Ferris v. Bakery, Confectionery and Tobacco Union, Local 26

Citation867 P.2d 38
Decision Date03 June 1993
Docket NumberNo. 92CA0751,92CA0751
Parties144 L.R.R.M. (BNA) 2380, RICO Bus.Disp.Guide 8410 Shirley FERRIS, Plaintiff-Appellant, v. BAKERY, CONFECTIONERY AND TOBACCO UNION, LOCAL 26, Defendant-Appellee. . V
CourtCourt of Appeals of Colorado

Valerie McNaughton, Denver, for plaintiff-appellant.

Brauer, Buescher, Valentine, Walter C. Brauer, II, Ellen M. Kelman, Denver, for defendant-appellee.

Opinion by Judge TAUBMAN.

Plaintiff, Shirley Ferris, appeals the summary judgment entered in favor of the defendant, Bakery Confectionery and Tobacco Union, Local 26 (the Union), on her various claims arising from alleged sexual harassment on the job and her subsequent discharge. We affirm in part, reverse in part, and remand for further proceedings.

Ferris alleged in her complaint that she had been employed as the Union's secretary between 1976 and 1988, during which time she alleged she was subject to a continuing series of unwanted sexual advances primarily by defendant Raymond Valdez, the Union president.

Following a suspension from her job in June 1988, Ferris' own union, Office and Professional Employees International Union, Local # 5 (OPEIU), filed a grievance on her behalf pursuant to a collective bargaining agreement then in effect. As a result of this grievance proceeding, Ferris ended her employment with the Union.

Shortly thereafter, OPEIU purported to settle the grievance by entering into a settlement with the Union providing for certain sick leave and vacation pay for Ferris and agreeing not to object to her receiving unemployment benefits. However, Ferris declared on the settlement agreement that she was not agreeing to it.

In August 1988, Ferris filed charges with the Colorado Civil Rights Commission alleging discrimination based upon age and sex. After investigation, the Civil Rights Commission found there was no probable cause to believe that the Union had violated the Colorado Anti-Discrimination Act.

Ferris filed a claim under the Workers' Compensation Act in November 1988, asserting that she had been exposed to sexual and emotional abuse on the job and alleging that, as a result, she suffered from high blood pressure, emotional distress, and post traumatic stress syndrome. She settled her workers' compensation claim for $45,000 in November 1989.

In June 1990, Ferris filed a complaint against the Union and Valdez, asserting claims for (1) wrongful discharge, (2) promissory estoppel, (3) public policy wrongful discharge, (4) violation of the Colorado Anti-Discrimination Act, (5) outrageous conduct, and (6) violation of the Colorado Organized Crime Control Act (COCCA). The district court granted the Union's motion for summary judgment before Ferris' time to respond to it had expired. The court's order was entered without specific findings, apparently based on its agreement with the Union's arguments that Ferris' claims were preempted by the Colorado Workers' Compensation Act and/or the federal Labor Management Relations Act and that Ferris had voluntarily released all claims as a result of OPEIU's settlement of her grievance relating to her termination.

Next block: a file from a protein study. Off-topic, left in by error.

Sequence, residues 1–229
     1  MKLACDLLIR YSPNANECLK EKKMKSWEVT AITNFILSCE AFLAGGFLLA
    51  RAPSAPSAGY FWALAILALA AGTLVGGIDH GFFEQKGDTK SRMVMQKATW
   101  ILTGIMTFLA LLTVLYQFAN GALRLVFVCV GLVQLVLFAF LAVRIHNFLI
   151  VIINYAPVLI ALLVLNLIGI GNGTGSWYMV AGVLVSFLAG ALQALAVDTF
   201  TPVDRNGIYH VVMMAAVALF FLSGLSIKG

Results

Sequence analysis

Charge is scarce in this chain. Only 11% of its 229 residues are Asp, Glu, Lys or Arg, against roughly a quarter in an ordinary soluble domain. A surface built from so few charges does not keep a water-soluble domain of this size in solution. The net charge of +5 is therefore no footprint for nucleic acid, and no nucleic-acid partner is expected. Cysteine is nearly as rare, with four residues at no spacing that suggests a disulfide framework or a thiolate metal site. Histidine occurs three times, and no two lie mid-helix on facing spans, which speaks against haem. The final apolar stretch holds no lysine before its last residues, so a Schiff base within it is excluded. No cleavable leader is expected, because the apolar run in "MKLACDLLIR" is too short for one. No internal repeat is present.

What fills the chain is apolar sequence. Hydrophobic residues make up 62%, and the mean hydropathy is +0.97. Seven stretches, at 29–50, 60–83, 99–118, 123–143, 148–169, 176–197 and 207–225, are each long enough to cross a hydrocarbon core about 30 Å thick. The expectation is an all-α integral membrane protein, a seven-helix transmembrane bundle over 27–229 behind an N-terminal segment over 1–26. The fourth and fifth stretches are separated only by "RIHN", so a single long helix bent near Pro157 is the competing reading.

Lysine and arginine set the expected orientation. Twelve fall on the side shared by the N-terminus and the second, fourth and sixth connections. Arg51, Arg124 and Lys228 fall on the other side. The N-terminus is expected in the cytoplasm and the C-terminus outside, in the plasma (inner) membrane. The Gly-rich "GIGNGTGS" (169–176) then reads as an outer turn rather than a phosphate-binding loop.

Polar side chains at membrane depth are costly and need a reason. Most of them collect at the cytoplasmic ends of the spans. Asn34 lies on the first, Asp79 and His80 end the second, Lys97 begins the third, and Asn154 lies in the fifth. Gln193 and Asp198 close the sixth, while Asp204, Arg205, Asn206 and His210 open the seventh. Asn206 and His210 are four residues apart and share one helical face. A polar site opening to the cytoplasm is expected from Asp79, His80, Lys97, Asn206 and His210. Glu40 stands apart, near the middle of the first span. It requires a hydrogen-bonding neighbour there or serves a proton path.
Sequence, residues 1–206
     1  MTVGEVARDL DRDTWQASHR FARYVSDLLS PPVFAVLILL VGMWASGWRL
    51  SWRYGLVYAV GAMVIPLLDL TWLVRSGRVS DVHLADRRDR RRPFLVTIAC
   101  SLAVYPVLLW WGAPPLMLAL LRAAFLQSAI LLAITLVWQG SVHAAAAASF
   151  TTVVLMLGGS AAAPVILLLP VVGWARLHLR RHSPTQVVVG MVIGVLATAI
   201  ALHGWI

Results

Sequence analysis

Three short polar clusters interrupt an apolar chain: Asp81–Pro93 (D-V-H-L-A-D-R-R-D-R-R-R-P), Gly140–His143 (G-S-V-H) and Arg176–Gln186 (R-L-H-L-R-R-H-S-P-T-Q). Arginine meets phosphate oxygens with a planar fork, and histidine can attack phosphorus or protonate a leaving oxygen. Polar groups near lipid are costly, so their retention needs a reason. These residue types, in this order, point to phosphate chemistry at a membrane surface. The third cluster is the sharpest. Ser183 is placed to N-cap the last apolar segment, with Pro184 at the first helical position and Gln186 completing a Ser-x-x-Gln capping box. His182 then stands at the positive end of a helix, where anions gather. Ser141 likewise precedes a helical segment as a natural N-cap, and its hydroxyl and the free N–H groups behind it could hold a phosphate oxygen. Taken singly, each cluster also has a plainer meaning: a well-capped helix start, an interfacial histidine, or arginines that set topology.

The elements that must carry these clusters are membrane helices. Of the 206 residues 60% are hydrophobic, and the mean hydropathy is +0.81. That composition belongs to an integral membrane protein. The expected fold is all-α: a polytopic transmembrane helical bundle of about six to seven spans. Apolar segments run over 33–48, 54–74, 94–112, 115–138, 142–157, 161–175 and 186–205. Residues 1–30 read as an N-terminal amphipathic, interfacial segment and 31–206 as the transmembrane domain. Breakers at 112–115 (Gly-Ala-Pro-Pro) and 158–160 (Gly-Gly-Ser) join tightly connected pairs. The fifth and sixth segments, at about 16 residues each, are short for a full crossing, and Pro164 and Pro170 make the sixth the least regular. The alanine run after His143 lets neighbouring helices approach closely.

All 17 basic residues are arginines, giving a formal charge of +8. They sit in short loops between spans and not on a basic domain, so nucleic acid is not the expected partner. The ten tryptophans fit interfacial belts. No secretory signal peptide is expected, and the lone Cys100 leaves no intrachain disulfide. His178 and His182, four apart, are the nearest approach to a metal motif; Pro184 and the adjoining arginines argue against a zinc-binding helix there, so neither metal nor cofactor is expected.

Ferris moved for reconsideration of the trial court's order, and upon reconsideration, the court affirmed its entry of summary judgment in favor of the Union. It held that judgment was proper "either because Worker's Compensation provides the sole remedy to the plaintiff or because when plaintiff's collective bargaining representative settled her grievance, all her claims for relief against the Union were merged in the settlement." Also, the district court certified its ruling as final pursuant to C.R.C.P. 54(b).

During the pendency of this appeal, a jury found in favor of Valdez on claims 4 and 5 of Ferris' complaint. The judgment entered on that jury verdict has now been appealed. Based upon the jury verdict, the Union asked that we dismiss this appeal on the basis of collateral estoppel or, alternatively, stay proceedings pending the resolution of the case against Valdez. In an earlier order, we denied this motion but allowed the Union to renew this argument in its brief on the merits.

I. Summary Judgment

Summary judgment is a drastic remedy and is never warranted except on a clear showing that there exists no genuine issue of any material fact and that the moving party is entitled to judgment as a matter of law. Churchey v. Adolph Coors Co., 759 P.2d 1336 (Colo.1988).

The moving party has the burden of establishing the lack of a triable factual issue, and all doubts as to the existence of such an issue must be resolved against the moving party. A party against whom summary judgment is sought is entitled to the benefit of all favorable inferences that may be drawn from the facts. Churchey v. Adolph Coors Co., supra. These principles apply all the more when, as here, the trial court grants a motion for summary judgment before the non-moving party's time to respond has expired.